The first votes are in for the city of Fullerton, where at least two new city council members will join the dais and the voters will decide on a tax measure that will shape the city’s financial future. 

  • In District 1, Fred Jung is leading over Andrew Cho.  
  • In District 2, Nick Dunlap is leading a crowded field of three other candidates with just nearly half of the vote, with Faisal Qazi and Mackenzie Chang trailing behind him at just under 30 percent and 11 percent, respectively. 
  • In District 4, incumbent Councilman Bruce Whitaker pulled ahead for the first time tonight at the 11:00 p.m. update, pushing past challenger Aaruni Thakur. 
  • Measure S, a proposed 1.25% sales tax increase is solidly opposed by a majority of voters, with no wavering throughout the night. 

These preliminary results represent over two thirds of Orange County voters. 

Live election results thanks to a partnership with the Reynolds Journalism Institute. CLICK HERE to view live results for every Orange County race.

The council will see new officials in both Districts 1 and 2 as the city completes its transition to district voting and Mayor Jennifer Fitzgerald and Councilwoman Jan Flory both elected not to run a seat in 2020.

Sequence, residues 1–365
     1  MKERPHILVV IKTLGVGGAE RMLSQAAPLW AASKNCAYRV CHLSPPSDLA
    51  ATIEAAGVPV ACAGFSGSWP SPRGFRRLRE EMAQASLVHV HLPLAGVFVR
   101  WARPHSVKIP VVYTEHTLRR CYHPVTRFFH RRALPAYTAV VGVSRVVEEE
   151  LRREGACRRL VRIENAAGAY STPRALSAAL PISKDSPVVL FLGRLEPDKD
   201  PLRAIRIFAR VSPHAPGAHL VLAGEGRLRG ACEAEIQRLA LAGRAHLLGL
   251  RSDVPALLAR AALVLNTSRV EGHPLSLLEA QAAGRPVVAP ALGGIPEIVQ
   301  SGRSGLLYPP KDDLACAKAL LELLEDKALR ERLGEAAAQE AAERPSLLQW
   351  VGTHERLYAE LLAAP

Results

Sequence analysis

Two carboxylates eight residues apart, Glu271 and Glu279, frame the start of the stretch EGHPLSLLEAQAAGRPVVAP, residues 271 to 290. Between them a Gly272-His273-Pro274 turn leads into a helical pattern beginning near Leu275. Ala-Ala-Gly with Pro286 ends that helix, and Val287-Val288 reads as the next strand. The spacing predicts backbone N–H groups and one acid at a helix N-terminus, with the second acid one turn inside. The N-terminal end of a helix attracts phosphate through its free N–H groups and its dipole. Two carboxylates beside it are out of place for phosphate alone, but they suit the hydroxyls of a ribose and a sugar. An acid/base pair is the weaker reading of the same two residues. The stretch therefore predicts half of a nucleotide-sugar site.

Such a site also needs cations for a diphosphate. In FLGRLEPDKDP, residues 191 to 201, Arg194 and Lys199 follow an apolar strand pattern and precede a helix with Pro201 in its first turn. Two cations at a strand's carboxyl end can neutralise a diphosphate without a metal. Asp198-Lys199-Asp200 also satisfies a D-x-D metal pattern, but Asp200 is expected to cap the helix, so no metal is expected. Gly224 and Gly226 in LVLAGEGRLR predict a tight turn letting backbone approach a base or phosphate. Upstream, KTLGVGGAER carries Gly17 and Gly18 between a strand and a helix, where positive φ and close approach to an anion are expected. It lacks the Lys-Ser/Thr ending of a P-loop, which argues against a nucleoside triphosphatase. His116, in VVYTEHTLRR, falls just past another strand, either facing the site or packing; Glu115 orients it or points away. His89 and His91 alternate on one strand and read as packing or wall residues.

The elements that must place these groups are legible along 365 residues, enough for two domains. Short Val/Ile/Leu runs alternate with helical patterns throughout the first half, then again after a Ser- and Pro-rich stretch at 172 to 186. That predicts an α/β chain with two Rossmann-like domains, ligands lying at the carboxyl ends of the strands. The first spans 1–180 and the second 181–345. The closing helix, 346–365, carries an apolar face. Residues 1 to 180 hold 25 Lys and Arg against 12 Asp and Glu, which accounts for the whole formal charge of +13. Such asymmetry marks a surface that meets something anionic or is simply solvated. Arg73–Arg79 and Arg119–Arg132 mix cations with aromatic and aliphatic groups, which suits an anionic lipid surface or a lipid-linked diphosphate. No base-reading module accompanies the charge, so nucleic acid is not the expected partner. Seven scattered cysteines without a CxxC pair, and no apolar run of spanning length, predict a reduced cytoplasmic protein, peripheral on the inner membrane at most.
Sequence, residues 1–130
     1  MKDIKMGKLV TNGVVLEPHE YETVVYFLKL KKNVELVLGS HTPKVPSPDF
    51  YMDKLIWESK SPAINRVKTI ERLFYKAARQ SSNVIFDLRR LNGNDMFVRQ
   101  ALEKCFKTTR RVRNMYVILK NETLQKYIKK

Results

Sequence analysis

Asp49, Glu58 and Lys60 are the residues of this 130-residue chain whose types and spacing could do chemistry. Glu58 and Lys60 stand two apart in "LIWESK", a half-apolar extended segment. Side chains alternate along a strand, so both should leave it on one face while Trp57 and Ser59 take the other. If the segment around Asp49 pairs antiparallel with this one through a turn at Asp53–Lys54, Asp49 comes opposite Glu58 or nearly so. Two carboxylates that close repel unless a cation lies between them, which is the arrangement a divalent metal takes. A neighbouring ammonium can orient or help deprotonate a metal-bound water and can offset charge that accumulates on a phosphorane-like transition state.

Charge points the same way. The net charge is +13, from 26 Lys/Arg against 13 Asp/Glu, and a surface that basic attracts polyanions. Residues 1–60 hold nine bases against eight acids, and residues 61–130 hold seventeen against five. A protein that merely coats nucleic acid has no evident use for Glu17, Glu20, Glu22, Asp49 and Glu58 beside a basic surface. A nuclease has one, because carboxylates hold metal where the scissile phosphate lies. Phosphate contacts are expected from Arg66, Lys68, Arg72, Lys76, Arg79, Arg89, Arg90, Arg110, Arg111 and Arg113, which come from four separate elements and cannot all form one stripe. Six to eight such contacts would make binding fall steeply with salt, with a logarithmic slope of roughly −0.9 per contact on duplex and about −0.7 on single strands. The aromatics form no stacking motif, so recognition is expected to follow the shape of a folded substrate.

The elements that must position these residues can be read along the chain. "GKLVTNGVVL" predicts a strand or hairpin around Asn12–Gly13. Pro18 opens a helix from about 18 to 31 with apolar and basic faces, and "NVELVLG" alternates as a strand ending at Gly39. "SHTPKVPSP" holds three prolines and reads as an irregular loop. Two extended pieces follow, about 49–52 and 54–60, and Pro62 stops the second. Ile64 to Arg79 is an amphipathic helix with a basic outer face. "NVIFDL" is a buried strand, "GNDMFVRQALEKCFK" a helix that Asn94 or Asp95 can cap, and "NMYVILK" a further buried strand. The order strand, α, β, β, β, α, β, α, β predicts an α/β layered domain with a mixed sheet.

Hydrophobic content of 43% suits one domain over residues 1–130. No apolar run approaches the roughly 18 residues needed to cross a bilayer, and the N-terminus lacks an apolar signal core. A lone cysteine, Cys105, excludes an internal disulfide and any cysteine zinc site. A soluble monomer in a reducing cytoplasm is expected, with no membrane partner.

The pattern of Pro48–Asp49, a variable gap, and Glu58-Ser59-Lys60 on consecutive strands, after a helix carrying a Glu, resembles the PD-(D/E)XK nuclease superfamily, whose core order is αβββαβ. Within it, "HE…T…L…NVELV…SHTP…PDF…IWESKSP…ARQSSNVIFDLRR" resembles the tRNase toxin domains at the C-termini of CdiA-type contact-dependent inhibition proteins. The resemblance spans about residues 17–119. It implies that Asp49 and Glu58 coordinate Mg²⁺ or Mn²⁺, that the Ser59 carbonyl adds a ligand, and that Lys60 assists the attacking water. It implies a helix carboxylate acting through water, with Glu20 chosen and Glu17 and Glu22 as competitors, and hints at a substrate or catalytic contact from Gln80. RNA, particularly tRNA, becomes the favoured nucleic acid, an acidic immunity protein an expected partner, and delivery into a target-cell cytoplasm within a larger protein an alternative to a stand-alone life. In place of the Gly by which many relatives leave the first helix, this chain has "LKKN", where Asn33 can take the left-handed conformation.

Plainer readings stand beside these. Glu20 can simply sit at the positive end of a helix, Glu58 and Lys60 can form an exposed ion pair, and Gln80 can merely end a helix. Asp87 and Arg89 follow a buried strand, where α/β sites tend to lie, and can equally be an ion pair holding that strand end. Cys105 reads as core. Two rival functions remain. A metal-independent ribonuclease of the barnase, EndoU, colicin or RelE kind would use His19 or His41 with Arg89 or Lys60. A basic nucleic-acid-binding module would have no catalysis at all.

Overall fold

The election was shaped by a focus on the city’s aging infrastructure and a debate around Measure S, with proponents saying the new tax would bring desperately needed revenue to the city, and opponents saying it would only greenlight more unneeded spending. 

If the measure fails to pass, city staff have projected the city will need to cut $5 million a year out of its spending budget, and could still run out of reserves by 2025.

Of the candidates, only Aaruni Thakur has come out in favor of the tax increase, while the other candidates have all said Fullerton needs to focus on bringing in more businesses and diversifying its tax revenue streams. The entire City Council aside from Councilman Bruce Whitaker has endorsed the new tax measure. 

Whether or not the new tax hike is approved, Fullerton is still looking at a complicated financial future, and the new council members will likely vote on major financial shifts during their first few months in office that could determine the city’s infrastructure and budget plans for years to come. 

Noah Biesiada is a Voice of OC Reporting Fellow. Contact him at or on Twitter @NBiesiada.

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